The Newfoundland and Labrador Employers’ Council applauds the provincial government’s announced reduction in employer premiums for workers’ compensation, but says more needs to be done to fix the provincial system.
Richard Alexander, the council’s executive director, said Monday that the council estimates the announced changes — the average employer premium will drop by 30 cents to $2.45 for $100 of payroll in 2014 — will save the province about $18 million a year, which Alexander said will make employers better able to boost employment and wages.
But he’s concerned about the sustainability of the increase, as well as other problems.
“This change the government has made moves our system out of last place (most expensive) into second-last place,” he said. “That’s still not good enough. That’s still not competitive. Government needs to put in place legislation that provides the commission with the tools to be able to control costs.”
Chief among contributions to costs, said Alexander, is that the average duration of a workers’ comp claim in Newfoundland and Labrador is 122 days, nearly double the Canadian average of 65 days.
“There’s nothing in this announcement that will deal with that significant cost-driving problem in our system,” he said, adding that the council is also concerned about the increase in the announced increase in the maximum compensable and assessable earnings by more than $6,000 to $60,760.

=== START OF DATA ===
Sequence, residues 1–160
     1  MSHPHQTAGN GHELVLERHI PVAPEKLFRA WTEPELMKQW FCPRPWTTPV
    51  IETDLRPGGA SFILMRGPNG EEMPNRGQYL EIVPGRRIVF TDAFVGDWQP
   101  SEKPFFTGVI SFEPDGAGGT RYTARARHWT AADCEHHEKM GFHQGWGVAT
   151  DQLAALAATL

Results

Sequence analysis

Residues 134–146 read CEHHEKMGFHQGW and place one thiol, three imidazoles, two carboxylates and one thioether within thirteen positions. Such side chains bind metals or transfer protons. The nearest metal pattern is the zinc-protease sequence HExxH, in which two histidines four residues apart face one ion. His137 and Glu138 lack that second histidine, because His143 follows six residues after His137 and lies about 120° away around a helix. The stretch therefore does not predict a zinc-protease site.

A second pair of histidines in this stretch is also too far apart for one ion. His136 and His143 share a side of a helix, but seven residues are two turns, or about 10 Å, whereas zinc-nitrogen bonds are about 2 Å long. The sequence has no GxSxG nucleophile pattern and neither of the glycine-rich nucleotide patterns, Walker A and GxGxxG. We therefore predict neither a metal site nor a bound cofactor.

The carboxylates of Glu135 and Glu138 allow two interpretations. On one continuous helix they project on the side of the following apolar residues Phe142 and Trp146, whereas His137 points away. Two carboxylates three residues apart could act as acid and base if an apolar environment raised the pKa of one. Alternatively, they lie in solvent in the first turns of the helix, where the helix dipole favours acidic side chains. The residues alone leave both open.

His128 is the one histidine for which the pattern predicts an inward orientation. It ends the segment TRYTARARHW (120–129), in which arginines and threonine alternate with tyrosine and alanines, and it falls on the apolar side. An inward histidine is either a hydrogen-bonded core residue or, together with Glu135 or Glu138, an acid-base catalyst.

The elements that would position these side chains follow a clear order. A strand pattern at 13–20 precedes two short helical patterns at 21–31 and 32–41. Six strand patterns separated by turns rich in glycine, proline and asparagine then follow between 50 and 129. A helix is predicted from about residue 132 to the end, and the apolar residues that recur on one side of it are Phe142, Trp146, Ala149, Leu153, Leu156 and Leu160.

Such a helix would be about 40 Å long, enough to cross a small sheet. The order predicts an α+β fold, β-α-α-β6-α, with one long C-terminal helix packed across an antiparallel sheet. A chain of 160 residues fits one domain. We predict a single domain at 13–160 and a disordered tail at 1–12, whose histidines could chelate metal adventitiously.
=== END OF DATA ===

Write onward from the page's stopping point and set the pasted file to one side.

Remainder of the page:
“We need government to take action, legislative action.”
The St. John’s Board of Trade has also decried what it called the province’s “fragmented” approach to changes to the system.
But Dan Crummell, the provincial minister responsible for the Workplace Health, Safety and Compensation Commission, said the changes to the premiums reflect the sustainability of the commission’s injury fund, comprising premiums paid by employers through their assessments.
“The injury fund is in very good shape,” said Crummell. “Now is the time we feel that employers deserve a break, and the fund can afford that break.”
As for keeping costs down, Crummell said, the number of compensation claims in the province is decreasing every year. “Workplaces are safer,” he said.
“The number of injured workers is on the decline.”
The government’s concerned about the length of claims, said Crummell, who noted that the government just finished a statutory review of the system, and he expects to see the review report early in the new year.